More of the same from the immensely capable Gary McAvoy, quite simply one of the most prolific writers it has ever been my good fortune to review. If you haven’t read Gary’s work before, you’ve missed a treat, and you are strongly advised to go back to the beginning of this long-running saga and get to know the characters from their first case together. The author is the real star of this series. His writing is eloquent and intelligent, his narrative craftwork flawless. He researches and curates theological and procedural information as good if not better than any author I have read, cleverly constructing fictional tales around real-life historical artefacts and their legendary backstories. To put it simply, he gives Indiana Jones the Dan Brown treatment, solving complex puzzles rather than buckling swashes – although, occasionally the action erupts, its swift resolution left to the Swiss Guard element of the ensemble, Karl and Lukas, while primary protagonists Father Michael and Hana do what they do best: travel to ancient religious sites and museums solving murderous, high-level corruption mysteries.
In The Confessions of Pope Joan, their ecclesiastical sleuthing adventures continue, though the entry – seventh in the series, I believe – is a little lighter in said action than previous versions, which is a bit of a shame, because among McAvoy’s many excellent strings is the ability to craft tense, gritty and all-business action sequences involving the relevant military professionals of the piece. Indeed, this book is an altogether less energetic entry than previous outings. The complexity isn’t as profound and there really isn’t any genuine threat or suspense to speak of. The narrative has perhaps a more progressive premise than the others, as it explores the possible reality of the rumoured story of Pope Joan, who is believed by many to have sat on the papal throne in the 9th century under the guise of a man, until her discovery when giving birth, and her tenure quickly covered up. This is a timely book as, in keeping with the current trend, history is hence questioned and reinterpreted; Joan’s ascension becomes the mechanism for profound change in the structure and progress of the whole Catholic Church, creating a schism between progressives and purists – very topical indeed.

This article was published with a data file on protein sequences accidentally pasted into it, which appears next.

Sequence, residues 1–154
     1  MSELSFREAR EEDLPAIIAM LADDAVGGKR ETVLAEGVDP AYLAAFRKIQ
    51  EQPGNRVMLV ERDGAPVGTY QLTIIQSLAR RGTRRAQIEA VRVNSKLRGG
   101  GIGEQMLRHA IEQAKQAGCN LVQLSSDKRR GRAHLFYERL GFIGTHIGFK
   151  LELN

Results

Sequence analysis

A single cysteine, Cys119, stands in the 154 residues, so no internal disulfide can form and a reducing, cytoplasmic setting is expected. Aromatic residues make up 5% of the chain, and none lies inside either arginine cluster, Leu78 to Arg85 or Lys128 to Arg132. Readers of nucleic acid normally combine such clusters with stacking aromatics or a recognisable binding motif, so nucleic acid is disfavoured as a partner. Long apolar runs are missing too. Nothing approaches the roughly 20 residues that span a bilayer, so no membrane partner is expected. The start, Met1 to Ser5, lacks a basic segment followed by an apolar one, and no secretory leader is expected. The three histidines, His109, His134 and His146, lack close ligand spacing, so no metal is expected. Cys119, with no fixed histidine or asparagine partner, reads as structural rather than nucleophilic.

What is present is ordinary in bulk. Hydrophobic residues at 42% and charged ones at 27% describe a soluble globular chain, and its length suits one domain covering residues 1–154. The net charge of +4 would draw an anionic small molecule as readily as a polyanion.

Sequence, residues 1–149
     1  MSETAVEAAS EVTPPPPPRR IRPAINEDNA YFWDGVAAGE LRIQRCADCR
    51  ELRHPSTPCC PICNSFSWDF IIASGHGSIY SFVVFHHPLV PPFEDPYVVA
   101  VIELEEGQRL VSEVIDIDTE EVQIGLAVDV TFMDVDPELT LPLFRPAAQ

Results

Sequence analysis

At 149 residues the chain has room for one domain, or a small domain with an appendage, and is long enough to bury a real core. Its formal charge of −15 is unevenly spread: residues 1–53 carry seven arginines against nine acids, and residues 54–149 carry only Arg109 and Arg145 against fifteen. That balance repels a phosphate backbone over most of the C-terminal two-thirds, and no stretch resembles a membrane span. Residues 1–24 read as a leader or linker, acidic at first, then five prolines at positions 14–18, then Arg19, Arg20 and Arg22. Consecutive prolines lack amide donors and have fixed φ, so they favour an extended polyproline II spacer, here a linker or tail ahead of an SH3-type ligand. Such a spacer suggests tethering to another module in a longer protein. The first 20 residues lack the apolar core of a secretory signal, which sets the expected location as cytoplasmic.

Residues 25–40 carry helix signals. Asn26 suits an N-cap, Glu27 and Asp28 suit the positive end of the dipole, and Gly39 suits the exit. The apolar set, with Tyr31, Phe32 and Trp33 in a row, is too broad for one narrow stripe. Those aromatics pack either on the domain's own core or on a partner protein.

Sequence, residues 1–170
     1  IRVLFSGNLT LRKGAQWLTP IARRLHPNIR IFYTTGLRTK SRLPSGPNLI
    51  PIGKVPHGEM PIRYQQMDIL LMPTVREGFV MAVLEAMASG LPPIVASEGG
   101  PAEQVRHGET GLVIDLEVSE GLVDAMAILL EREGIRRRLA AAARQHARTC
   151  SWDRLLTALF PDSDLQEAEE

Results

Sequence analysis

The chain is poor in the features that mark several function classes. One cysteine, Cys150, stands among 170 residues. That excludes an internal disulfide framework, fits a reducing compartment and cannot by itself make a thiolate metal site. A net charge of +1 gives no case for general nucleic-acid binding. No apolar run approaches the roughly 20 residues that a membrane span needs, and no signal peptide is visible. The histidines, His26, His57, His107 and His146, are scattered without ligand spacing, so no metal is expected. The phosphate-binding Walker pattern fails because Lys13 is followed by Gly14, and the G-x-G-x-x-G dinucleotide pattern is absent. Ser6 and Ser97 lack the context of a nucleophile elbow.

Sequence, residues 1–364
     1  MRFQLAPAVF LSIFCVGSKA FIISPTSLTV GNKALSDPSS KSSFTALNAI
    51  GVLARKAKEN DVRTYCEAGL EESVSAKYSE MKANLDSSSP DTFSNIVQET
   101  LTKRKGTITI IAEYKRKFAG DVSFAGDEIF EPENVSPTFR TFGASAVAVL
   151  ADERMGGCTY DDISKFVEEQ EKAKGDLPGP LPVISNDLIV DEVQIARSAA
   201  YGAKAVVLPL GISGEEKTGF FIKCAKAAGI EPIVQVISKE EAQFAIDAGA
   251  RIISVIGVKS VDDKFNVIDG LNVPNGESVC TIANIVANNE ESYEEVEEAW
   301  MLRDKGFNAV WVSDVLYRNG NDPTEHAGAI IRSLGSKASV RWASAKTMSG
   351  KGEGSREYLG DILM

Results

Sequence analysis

The positive about this, without wishing to spoil the end, is that it appears there might be a glimmer of resolution to the long-running “will-they-won’t-they” saga, in respect of the forbidden but barely concealed love between the two main characters. I have to say, and I may have mentioned this before when reviewing the series, but this particular element has been stretched far beyond the capacity to care; by now you just want them to either get it on or call it off, and move on with other sub-plots. In fact, it is fair to harshly say that the franchise could perhaps do with a jump-start. The characters meander along doing what they do, but their irrefutable decency, loyalty and goodness don’t really bring any new challenges for them beyond the case they are solving. I would like, certainly by now, to see the core characters start to show flaws, layers of depth, personal demons and faults; I want them to be wrong, do bad things, make selfish decisions – to put it bluntly, I want them to show destructive human characteristics, for their unwavering virtue feels a touch too safe by now. After seven books, Gary really should consider shattering the formula; tear open the characters’ dark side, rather than always keeping them in the light. The law enforcement characters are also just a touch too conveniently efficient and conscientious – indeed, I couldn’t help thinking that Gary has a great deal more faith in the diligence of the British police than anyone I know over here. There are not enough challenges beyond that of the bad guys – and those bad guys, relative to the good guys, are just a little too unambiguous.
But I don’t want to disparage Gary McAvoy in any way. I can’t sufficiently emphasize how good he is, and he has my utmost respect as a writer, a researcher, an academic and a teacher of history. Read his books in order if you are able, but do read them.
In : Book Reviews
Tags: gary-mcavoy religious theological fiction thriller suspense ancient artefacts religious action exciting fiction